The Rebirth of Pittsburgh

Hanging out at The Beehive, an eatery with brightly painted walls and mismatched tables and chairs.

Though Pittsburgh was hit hard by the closing of many steel mills in the ’70s and ’80s, it is starting to bounce back, as Necee Regis, of The Boston Globe writes. In a recent trip to Pittsburgh, Regis discovered a new side of town.

Thursday night at 11:30 a line is forming at the corner of East Carson and 17th streets for grilled chicken wrapped in pita bread that locals fondly refer to as “cat on a stick.” Grill meister Dan McSwiggen explains that he usually cooks outside only on weekends, but a lightning strike knocked out power at Cambod-Ican Kitchen, an American-Asian fusion restaurant he runs with his Cambodian-born wife, Moeun. Ten years before opening here, the couple operated their business from a truck. “I remember times when people would line up late at night, and it would start snowing. There’d be a guy standing with an inch of snow on his head wanting cat on a stick and a wonton,” says McSwiggen. His good-natured ability to adapt to challenging circumstances and his customers’ tenacity mirror the spirit of Pittsburgh as it emerges from its industrial past into a 21st-century city. One neighborhood that particularly embodies this transformation is South Side, or, as the natives pronounce it, “Sou’side.” When vir tually all of the steel mills closed in the mid-1970s and early 1980s, this area, spanning three miles along the Monongahela River’s south bank, was struggling. The business district, along Carson Street, was particularly hard hit.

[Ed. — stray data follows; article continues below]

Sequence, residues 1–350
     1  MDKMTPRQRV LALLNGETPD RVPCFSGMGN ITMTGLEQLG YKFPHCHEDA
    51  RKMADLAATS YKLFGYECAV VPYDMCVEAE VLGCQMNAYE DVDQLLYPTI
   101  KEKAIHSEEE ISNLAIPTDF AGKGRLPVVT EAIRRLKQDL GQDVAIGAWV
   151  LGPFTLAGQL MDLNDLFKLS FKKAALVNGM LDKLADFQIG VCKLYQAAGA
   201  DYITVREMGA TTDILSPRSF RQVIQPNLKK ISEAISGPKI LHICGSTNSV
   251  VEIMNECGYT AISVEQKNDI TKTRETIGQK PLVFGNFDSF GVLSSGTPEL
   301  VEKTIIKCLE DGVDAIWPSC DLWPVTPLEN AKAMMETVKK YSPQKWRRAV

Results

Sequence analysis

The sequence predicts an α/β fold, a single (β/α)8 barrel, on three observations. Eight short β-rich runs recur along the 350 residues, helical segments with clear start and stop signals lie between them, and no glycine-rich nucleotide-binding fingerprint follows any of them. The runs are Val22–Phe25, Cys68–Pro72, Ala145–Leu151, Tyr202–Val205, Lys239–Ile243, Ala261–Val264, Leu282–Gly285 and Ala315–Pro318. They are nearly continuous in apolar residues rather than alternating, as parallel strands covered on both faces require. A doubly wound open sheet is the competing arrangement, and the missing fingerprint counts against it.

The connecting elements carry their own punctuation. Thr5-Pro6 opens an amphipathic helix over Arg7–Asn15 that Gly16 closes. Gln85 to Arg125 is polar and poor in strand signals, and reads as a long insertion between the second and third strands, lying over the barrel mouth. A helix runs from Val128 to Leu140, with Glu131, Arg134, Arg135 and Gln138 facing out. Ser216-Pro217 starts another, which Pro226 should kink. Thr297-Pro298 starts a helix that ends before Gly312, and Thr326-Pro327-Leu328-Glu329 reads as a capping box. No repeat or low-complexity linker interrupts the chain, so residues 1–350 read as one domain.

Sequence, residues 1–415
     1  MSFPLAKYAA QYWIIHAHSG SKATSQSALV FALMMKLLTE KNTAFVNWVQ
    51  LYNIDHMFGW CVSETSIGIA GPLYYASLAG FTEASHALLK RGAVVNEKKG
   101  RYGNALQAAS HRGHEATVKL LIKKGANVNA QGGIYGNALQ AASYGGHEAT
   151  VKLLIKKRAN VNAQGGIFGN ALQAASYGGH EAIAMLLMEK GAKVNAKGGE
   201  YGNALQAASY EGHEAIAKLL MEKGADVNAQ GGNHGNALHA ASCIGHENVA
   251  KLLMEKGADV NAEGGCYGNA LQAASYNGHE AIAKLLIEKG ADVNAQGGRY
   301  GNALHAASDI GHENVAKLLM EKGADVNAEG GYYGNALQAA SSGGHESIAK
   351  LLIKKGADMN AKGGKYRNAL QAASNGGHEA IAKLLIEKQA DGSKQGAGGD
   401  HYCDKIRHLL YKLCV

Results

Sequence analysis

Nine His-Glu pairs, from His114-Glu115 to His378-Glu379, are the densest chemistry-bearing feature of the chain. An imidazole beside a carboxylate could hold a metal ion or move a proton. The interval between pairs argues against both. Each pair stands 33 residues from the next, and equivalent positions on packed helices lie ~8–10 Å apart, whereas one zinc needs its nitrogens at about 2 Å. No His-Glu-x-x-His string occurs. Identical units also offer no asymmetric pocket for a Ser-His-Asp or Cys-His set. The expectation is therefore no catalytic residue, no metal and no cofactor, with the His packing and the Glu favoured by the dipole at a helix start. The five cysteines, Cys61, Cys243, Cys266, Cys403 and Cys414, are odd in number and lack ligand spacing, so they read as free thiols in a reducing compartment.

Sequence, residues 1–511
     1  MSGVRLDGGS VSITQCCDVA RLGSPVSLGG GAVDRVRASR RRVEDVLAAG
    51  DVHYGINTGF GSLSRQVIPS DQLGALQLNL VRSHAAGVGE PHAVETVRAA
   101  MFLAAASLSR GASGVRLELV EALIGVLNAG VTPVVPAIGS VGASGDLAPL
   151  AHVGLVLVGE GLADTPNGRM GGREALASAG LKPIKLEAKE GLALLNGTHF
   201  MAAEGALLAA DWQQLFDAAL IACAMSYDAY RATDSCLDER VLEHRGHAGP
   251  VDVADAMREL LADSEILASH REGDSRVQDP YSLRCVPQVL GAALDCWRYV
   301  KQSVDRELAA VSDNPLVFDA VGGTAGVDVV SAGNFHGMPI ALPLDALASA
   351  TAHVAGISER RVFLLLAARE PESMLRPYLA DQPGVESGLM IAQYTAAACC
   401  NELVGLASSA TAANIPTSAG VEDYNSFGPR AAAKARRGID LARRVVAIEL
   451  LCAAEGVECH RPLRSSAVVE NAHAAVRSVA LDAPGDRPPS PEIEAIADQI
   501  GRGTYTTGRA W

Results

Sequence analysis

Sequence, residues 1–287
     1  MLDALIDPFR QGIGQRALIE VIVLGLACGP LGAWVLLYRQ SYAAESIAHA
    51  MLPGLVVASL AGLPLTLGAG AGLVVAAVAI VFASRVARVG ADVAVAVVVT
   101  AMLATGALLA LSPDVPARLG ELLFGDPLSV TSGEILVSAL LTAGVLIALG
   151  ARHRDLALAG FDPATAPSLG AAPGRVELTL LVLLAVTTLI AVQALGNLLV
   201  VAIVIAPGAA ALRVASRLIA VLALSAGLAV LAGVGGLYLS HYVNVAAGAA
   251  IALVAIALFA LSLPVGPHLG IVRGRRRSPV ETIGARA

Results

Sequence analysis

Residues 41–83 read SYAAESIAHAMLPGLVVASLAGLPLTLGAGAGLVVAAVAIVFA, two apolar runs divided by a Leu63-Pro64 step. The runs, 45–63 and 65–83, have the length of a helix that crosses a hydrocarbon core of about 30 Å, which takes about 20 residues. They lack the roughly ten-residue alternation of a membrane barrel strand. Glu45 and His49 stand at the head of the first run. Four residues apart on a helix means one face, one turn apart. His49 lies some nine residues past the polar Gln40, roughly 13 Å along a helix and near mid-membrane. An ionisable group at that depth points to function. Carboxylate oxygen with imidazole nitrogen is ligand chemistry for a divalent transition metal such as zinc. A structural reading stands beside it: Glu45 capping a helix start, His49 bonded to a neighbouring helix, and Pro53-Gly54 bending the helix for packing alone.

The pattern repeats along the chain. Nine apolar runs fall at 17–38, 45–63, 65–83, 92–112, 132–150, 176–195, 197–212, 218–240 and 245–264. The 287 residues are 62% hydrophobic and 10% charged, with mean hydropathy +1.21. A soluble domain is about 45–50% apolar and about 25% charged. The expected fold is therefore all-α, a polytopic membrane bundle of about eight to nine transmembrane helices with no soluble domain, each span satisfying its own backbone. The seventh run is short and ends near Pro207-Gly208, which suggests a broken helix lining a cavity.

It’s good to hear that the city is doing well again. To read more of Regis’ article, go to